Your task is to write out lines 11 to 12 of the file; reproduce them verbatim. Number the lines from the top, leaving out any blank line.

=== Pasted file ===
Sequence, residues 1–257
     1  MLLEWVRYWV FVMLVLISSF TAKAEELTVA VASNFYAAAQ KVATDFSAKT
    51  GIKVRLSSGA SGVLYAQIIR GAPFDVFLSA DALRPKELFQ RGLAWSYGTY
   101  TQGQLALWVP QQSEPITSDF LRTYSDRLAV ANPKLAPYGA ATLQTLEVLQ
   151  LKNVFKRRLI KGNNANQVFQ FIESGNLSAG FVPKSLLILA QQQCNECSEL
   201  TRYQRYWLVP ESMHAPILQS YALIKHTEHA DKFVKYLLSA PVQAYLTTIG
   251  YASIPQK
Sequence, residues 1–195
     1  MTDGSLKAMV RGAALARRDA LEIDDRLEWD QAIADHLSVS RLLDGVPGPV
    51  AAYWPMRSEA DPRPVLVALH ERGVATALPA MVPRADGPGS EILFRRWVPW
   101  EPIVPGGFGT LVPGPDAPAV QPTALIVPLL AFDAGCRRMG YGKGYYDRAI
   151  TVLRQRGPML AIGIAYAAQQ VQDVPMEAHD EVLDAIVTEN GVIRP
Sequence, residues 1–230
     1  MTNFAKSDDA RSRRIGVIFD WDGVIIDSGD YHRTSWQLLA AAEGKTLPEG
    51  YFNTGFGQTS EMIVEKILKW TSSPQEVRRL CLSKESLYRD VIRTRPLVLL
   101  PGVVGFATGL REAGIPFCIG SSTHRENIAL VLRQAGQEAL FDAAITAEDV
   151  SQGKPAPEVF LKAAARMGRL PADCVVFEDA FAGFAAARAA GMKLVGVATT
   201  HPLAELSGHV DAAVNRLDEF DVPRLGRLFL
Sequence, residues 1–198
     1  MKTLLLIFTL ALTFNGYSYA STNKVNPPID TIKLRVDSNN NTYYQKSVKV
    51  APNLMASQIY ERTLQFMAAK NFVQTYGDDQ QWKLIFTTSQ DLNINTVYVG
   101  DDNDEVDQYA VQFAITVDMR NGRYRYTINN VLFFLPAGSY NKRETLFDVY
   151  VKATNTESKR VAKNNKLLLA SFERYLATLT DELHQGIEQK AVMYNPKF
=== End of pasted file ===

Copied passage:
   101  EPIVPGGFGT LVPGPDAPAV QPTALIVPLL AFDAGCRRMG YGKGYYDRAI
   151  TVLRQRGPML AIGIAYAAQQ VQDVPMEAHD EVLDAIVTEN GVIRP